I'd rather hear the activity on the court, God I miss that.
    Very well put.

    By eliminating EVERYTHING, Cuban's just being a smart-***.

  13. #13

    Default Re: Cuban silences the Music

    No more music during games...During timeouts and other breaks, fine...but I want to hear squeaking!

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    Member SycamoreKen's Avatar
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    Default Re: Cuban silences the Music

    It would be nice to be able to converse with the person next to you about the game without having to shout. But, unfortunately, witht he ever dwindling attention spans these days they ahve to do something to keep the people focused. Maybe baseball needs more music.

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    Member Knucklehead Warrior's Avatar
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    Default Re: Cuban silences the Music

    Gradually decrease the music and extraneous artificial noise over several months or a year. Then step it back up to today's level. Everyone would be complaining about it.

    It's how people get used to things -- gradually. The artificial noise was ramped up and people got used to it and now expect it.
    Don't thank me, I'll kill ya.

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    Default Re: Cuban silences the Music

    Quote Originally Posted by Hicks
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    A proper experiment should go longer than one game. Give the audience time to adjust; it's a shell shock after so many years of so much noise. They'd start producing the noise themselves again over time. The NBA was hardly a tomb before they started playing all this stuff.
    Actually it was longer than one game. The experiment started with the Christmas weekend game .. Cuban figuring there would be more younger fans than a typical business week game, he decided to cut the music. The kids, he thought, would make plenty of noise. He was right. Great game, lots of fan noise so Cuban continued the experiment.

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    Default Re: Cuban silences the Music

    That's why I'm a college BB fan and not NBA. I've been to a few NBA games, but I can't handle them. The loud incessant music takes away from the game. I go to a game to watch a game, not to listen to music. I was at the Lobo game last night against Colorado State and the most sound was the crowd cheering! What a concept at a basketball game, huh?

    I watch NBA to see Danny play. Other than that, I have no use for it. Give me the college game anytime. The real basketball atmosphere, the kids busting their butts, the fans getting into it.

  18. #18
    Edge of Reason GO!!!!!'s Avatar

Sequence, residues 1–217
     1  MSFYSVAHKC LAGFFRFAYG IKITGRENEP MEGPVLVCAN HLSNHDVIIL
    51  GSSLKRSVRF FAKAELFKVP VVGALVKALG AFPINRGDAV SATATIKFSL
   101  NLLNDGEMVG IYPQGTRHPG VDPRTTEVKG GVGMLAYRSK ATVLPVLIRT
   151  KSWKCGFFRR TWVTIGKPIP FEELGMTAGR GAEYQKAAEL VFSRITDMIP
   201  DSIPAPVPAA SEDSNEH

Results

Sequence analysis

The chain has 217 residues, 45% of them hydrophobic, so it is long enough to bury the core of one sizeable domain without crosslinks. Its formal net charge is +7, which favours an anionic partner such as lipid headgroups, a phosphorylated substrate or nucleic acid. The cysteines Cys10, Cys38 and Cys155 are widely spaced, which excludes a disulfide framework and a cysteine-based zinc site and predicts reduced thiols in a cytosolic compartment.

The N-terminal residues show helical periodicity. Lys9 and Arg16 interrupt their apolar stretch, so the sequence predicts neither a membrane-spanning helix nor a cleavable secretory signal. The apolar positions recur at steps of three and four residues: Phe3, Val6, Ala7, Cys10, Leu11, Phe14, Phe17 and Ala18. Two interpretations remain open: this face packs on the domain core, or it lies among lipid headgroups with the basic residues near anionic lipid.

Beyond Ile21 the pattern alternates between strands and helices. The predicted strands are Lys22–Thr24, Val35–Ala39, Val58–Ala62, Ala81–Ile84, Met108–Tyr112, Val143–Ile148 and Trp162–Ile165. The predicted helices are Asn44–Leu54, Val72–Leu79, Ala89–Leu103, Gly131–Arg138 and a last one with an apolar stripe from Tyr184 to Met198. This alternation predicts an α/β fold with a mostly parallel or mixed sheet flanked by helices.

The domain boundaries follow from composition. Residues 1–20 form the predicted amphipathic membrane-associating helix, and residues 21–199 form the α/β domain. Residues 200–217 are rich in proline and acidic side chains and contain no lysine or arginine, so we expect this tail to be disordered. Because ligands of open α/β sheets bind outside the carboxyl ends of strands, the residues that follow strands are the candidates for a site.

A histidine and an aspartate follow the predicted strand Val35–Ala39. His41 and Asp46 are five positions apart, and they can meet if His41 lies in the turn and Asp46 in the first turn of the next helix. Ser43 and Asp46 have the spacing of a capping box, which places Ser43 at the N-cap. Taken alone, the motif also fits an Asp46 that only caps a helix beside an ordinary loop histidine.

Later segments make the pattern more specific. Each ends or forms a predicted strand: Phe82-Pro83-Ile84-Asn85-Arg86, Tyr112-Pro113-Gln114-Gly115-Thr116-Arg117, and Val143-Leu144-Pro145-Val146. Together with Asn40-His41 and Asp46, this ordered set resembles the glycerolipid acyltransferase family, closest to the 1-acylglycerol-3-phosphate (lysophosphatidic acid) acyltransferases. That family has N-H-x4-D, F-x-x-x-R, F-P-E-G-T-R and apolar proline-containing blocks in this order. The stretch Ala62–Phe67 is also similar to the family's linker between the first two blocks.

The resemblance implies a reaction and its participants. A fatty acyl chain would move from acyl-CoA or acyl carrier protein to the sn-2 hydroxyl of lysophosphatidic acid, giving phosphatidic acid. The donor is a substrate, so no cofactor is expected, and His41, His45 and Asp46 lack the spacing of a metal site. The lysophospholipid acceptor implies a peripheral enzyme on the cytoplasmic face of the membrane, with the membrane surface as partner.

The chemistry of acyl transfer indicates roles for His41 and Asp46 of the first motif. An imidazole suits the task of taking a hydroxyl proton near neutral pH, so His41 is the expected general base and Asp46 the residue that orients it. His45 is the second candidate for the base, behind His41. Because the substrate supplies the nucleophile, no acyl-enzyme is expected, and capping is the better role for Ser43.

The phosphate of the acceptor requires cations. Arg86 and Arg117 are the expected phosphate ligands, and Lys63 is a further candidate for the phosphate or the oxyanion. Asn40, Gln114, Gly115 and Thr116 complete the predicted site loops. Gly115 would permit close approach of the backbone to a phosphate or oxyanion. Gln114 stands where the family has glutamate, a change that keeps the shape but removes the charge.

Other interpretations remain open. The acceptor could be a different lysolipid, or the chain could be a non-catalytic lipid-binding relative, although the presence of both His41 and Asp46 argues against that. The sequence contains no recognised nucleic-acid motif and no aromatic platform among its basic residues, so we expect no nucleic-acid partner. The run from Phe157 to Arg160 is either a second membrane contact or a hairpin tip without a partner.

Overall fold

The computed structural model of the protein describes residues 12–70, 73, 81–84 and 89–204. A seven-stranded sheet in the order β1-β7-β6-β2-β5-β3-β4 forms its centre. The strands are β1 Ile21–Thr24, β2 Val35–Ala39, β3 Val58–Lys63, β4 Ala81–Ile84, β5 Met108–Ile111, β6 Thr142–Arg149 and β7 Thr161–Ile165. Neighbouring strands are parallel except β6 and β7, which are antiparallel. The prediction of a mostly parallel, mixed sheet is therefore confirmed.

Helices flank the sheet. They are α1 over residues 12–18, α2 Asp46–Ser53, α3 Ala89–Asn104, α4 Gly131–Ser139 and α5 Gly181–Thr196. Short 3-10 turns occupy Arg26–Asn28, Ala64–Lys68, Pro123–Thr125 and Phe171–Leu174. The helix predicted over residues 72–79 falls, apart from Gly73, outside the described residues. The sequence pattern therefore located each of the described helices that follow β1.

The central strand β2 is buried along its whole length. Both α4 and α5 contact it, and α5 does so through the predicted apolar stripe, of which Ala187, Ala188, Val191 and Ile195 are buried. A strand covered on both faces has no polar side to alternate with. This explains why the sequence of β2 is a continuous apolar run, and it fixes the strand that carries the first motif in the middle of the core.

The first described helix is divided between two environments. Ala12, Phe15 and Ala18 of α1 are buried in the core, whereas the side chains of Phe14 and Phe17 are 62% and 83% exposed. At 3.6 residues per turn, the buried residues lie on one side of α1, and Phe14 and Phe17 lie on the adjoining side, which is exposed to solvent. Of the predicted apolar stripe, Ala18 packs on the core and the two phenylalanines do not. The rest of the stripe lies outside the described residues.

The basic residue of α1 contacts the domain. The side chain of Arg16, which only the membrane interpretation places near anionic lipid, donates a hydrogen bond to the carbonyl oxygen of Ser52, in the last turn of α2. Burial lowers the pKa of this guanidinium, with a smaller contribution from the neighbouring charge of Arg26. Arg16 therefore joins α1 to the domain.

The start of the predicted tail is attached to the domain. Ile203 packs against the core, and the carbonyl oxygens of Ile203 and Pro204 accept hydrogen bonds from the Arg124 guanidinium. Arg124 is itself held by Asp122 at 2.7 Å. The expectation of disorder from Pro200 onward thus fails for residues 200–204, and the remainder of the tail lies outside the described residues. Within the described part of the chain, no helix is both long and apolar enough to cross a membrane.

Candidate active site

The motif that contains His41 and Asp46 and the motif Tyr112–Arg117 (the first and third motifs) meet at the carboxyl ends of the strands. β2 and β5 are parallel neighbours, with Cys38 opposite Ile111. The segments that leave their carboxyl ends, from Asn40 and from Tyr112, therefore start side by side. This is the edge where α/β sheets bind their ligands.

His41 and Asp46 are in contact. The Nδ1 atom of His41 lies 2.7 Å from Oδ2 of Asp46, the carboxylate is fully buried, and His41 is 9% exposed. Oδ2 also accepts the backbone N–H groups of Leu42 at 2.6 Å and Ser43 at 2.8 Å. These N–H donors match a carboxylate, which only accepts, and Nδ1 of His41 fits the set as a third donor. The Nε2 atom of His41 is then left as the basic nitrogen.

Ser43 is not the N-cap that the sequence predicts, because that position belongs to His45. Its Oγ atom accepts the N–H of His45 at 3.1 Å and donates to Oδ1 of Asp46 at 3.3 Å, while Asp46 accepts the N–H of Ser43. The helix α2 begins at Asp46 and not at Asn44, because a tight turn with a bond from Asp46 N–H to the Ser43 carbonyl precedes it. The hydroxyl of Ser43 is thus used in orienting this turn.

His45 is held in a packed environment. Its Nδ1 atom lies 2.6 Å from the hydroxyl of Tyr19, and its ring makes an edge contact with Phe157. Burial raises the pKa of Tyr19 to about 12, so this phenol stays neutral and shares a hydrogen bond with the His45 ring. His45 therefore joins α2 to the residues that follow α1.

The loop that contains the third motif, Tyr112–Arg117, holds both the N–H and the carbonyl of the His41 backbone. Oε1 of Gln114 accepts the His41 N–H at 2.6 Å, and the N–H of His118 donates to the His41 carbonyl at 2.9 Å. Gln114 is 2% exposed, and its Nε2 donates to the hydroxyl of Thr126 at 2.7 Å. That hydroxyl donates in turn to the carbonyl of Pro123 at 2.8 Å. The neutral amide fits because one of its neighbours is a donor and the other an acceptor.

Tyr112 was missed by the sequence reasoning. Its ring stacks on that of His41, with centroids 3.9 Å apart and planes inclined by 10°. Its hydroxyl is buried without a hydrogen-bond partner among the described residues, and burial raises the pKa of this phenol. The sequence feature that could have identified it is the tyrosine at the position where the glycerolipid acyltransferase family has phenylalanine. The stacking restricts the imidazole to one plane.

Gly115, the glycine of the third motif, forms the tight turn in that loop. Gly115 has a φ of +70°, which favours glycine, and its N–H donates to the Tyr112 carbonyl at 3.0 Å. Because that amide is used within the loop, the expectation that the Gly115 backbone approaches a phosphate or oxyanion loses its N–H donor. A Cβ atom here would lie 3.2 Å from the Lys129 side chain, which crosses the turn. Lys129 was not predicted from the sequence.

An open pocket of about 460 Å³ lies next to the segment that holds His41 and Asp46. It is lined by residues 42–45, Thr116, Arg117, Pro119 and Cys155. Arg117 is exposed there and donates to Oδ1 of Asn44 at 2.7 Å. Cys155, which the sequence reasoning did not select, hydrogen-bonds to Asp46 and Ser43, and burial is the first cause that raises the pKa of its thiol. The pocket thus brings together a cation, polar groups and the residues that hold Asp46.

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    Default Re: Cuban silences the Music

    I'm over main stream music, and I want to hear play calls and shoes squeking too, but then again I liked petrol @ 20 Cents a Gallon and I'll never get that back so i just face the music and life goes on....


    Ya Think Ya Used Enough Dynamite there Butch...


  19. #19

    Default Re: Cuban silences the Music

    Typical overreaction by Cuban.

    Nobody ever wanted all music eliminated from the game. Just stop the overly loud annoying music played almost every posession in some places.

    Play all you want as loud as you want every break in play.
    The poster "pacertom" since this forum began (and before!). I changed my name here to "Slick Pinkham" in honor of the imaginary player That Bobby "Slick" Leonard picked late in the 1971 ABA draft (true story!)

  20. #20
    Member Since86's Avatar
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    Default Re: Cuban silences the Music

    Quote Originally Posted by Hicks
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    A proper experiment should go longer than one game. Give the audience time to adjust; it's a shell shock after so many years of so much noise. They'd start producing the noise themselves again over time. The NBA was hardly a tomb before they started playing all this stuff.

    It was a horrible experiment if he only took those responses who actually took the time to email him about it.

    It's not a scientific polling, and only gets those who are really opinionated on it. It has to be totally random in order to get what the general public feels about it.

    Plus, who would email him about liking it? Praise to disapproval is always lobsided to disapproval, because those who want change are more vocal.


    It's a horrible way to "put to rest" those talking about silent nights, that are about as accurate as online polling.

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    Default Re: Cuban silences the Music

    Quote Originally Posted by Frank Slade
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    I just want the Cavs and Detroit PA Announcers to be silenced..

    ....
    The Cavs guy is new this year and it is obvious the new owner who is from Detroit told his employees to find someone who is just like the guy in Detroit. But they found someone who is 10X worse. (the guy in Detroit is annoying, but the guy in Cleveland is much more so)
    He even does the "Cleveland basketball" . It sounds horrible.

    Luckily Reb Porter is still around and I like him. The Magic PA has always been bad and same with the Heat's guy